Weird Science

It really has been a while between blogs.   I know this because quite a few people have been asking me how my blogging is going (ie. they have noticed that it’s not going).  And my stock-standard answer is to blame the silly season, which appears to to kick off earlier every year.

In 2013, I managed to convince myself by the last week of November that Christmas was imminent, and that I had already failed miserably on the planning and shopping front.  And as I do most years, I promptly started waking up at 3am with a compulsion to write lists.

Is it marketing?  Well it doesn’t help when Christmas decorations and ads start to appear during October.  I certainly hold partially responsible those infuriating people who finish their Christmas shopping during November, and then feel the need to announce it on social media (you know the ones).  But I also feel that life just gets incrementally busier for me every year.

And so, in logical sequence, I decided that we would throw a Mad Scientist themed party at home in December for my almost seven-year old daughter.   You’ve heard the saying: if you want something done, ask a busy person!

Well I would like to declare, in hindsight, that if I’m the busy person you’re asking, best think again.  It appears that I’m not one of those people who thrives on being ridiculously busy.  Allow me to illustrate the case in point:

A few weeks ago, for my daughter’s school lunch Christmas party, I presented her with a selection of left-over jubes on a disposable plate.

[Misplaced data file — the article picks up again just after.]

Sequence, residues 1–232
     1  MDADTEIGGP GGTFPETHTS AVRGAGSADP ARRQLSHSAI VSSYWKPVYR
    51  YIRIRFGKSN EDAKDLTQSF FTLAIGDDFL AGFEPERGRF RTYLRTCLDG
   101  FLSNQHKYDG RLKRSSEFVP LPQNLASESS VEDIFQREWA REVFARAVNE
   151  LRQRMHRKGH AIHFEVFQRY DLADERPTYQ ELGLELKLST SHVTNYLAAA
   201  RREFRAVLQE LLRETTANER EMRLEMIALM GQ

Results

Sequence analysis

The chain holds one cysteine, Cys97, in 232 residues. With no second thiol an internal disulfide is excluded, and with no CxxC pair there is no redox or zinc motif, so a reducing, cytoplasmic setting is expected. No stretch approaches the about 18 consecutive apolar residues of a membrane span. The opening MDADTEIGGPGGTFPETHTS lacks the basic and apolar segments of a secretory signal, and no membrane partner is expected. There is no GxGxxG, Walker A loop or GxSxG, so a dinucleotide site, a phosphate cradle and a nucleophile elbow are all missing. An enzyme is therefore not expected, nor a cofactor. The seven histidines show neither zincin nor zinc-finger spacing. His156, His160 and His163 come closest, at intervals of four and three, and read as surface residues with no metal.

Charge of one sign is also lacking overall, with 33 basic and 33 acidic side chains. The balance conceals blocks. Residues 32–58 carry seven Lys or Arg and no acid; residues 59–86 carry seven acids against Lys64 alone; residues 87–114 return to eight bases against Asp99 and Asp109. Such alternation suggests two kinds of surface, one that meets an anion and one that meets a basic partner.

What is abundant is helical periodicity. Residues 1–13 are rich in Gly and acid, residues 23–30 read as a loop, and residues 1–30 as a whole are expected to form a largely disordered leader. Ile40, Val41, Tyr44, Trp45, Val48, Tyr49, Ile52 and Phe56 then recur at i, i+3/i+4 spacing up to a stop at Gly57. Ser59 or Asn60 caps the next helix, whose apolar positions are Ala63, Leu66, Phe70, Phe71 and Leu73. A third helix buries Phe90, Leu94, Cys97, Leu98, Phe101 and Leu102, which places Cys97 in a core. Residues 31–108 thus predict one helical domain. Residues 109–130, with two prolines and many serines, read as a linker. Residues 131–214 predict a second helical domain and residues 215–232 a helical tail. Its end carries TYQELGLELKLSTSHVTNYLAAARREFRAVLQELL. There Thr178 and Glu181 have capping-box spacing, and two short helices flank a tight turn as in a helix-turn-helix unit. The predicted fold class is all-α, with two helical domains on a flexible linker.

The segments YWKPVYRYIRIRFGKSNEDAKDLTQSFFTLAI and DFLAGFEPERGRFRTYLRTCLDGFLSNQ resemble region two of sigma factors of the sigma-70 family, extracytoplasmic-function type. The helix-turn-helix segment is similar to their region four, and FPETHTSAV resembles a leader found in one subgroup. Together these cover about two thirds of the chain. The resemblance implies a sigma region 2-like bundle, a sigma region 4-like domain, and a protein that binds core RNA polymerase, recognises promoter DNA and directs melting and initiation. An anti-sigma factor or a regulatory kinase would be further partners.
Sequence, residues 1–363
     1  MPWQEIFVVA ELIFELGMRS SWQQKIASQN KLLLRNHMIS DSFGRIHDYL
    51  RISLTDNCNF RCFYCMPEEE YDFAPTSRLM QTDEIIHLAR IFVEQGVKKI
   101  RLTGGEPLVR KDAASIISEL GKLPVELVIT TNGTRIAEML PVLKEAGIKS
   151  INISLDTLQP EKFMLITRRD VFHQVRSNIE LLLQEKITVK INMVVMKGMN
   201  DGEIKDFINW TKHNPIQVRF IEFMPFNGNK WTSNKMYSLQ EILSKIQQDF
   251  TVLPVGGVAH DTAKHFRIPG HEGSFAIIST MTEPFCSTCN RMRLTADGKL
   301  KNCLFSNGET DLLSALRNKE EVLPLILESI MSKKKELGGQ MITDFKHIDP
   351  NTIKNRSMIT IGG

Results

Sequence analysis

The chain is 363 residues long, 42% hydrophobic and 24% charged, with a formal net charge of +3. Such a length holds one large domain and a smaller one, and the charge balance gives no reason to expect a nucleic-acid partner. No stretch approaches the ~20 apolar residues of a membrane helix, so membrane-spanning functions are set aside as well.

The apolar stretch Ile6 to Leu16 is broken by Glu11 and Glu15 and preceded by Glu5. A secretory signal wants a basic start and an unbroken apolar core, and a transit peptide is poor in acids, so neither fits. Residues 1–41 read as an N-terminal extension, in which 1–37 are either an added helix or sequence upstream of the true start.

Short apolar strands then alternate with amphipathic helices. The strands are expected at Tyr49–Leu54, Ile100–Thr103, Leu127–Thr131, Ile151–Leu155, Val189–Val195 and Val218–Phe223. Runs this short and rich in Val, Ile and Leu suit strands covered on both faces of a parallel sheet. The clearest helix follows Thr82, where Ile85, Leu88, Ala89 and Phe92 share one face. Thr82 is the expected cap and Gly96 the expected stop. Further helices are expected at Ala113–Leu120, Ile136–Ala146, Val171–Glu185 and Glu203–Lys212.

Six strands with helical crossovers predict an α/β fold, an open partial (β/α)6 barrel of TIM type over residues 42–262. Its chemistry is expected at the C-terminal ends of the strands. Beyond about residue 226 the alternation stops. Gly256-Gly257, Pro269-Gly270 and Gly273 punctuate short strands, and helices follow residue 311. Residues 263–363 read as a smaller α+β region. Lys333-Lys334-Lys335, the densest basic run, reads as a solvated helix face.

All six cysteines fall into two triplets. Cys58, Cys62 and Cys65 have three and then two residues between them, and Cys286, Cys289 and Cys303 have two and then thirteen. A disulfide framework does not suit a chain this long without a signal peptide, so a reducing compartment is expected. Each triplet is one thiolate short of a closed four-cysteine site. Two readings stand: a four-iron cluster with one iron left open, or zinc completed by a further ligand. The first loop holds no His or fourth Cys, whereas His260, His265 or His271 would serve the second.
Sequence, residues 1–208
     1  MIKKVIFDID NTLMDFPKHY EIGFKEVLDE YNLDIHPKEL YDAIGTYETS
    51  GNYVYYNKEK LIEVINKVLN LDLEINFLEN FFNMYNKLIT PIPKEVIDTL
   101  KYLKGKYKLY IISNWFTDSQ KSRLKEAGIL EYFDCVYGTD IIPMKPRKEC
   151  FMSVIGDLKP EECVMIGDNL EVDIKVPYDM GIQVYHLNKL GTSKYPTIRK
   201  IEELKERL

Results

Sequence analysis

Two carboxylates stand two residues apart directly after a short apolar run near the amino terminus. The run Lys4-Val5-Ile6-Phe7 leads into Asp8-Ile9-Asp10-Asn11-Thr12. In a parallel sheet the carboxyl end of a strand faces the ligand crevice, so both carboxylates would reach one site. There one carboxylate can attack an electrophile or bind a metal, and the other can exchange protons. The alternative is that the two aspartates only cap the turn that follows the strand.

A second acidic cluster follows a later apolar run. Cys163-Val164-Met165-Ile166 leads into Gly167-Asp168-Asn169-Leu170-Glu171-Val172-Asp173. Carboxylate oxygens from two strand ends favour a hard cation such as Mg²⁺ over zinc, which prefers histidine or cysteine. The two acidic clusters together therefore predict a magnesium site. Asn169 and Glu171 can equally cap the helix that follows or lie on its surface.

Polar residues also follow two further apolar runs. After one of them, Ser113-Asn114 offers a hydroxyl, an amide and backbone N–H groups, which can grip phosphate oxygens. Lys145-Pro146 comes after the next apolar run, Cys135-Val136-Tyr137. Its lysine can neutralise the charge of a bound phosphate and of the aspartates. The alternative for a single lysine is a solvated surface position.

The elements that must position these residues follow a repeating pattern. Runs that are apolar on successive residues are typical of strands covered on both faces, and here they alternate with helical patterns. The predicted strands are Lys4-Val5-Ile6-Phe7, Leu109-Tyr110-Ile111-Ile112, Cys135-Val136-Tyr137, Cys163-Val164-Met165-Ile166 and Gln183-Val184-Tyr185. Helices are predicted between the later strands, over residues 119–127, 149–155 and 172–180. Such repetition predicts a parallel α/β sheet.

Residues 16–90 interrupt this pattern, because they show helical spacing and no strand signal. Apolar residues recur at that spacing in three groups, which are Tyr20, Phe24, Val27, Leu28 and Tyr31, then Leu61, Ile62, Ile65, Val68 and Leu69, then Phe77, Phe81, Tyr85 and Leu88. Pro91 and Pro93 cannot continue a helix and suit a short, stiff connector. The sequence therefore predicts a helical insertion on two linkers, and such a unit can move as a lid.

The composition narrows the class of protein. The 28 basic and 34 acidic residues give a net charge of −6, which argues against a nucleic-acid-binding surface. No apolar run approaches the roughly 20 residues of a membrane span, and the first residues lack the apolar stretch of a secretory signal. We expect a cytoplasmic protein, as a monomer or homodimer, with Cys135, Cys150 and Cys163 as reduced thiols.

I was so exhausted and creatively stunted by the relentless party planning and final execution the day before, that a plate of jubes was about all I could muster.  It was technically admissible, being a sweet (L-Z were to bring a sweet food), and being arranged into thirds according to colour (her class was to present their plate in 1/3’s fraction).  Way to go mum.  Really out of the box.

I think a little part of me died that day, as I pulled the car to a halt outside school, hastily rearranged the jumbled up jubes, gave her a squeeze and propelled her toward the gate. There was no way I was walking her into class with that sorry offering.

So why the elaborate, at-home, science-themed birthday party?

We naively gave over the choice of party to my daughter (I even encouraged the home party, in the deluded thinking that it may save money), and were quite chuffed when she chose the gender-neutral theme of ‘science’.  I was quietly overjoyed at the absence of fairies and princesses, and the fact that she wanted to invite a few boys from her class.  I didn’t quite appreciate that it would take on a life of its own.

Just Google ‘science party’, and you’ll see what I mean.

This is the point where I diverged from what my husband, my daughter and her friends would have found acceptable, and elevated things to the next level.  I began trawling the internet nightly for protective eyewear, petri dishes and test tubes.  I drifted off to sleep at night dreaming about child-sized lab coats.

All I can suggest is that I was overcome by a kind of party-force, fuelled by equal parts pent-up creativity, a tendency for perfectionism and the egging on from a close friend who moonlights as a party planner.  The perfect storm.

Needless to say, my husband wasn’t overcome in quite the same fashion.  His exasperated expression, evident whenever I gently enquired regarding his progress with the name badges said: What are you on about?!  We’ll set off a few Coke geysers sing happy birthday, and then they’ll all eat some cake and go home.  I believe I was also told not to ‘overthink’ things.  Humph.